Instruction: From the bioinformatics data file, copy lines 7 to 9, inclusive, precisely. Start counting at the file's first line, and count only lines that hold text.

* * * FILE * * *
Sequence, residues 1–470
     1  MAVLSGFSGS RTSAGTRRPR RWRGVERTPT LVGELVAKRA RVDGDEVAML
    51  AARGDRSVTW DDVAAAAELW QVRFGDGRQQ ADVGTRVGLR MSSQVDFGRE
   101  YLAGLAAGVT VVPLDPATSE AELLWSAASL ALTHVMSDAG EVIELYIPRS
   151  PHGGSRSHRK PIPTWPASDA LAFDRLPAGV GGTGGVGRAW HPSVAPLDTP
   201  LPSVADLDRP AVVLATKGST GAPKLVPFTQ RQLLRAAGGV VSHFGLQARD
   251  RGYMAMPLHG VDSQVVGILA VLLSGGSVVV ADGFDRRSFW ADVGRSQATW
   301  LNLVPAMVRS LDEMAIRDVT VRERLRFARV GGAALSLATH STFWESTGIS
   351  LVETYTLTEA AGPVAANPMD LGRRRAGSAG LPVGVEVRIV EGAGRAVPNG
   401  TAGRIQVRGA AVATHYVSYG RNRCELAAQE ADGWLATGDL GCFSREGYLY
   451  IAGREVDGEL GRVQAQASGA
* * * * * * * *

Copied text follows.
   251  RGYMAMPLHG VDSQVVGILA VLLSGGSVVV ADGFDRRSFW ADVGRSQATW
   301  LNLVPAMVRS LDEMAIRDVT VRERLRFARV GGAALSLATH STFWESTGIS
   351  LVETYTLTEA AGPVAANPMD LGRRRAGSAG LPVGVEVRIV EGAGRAVPNG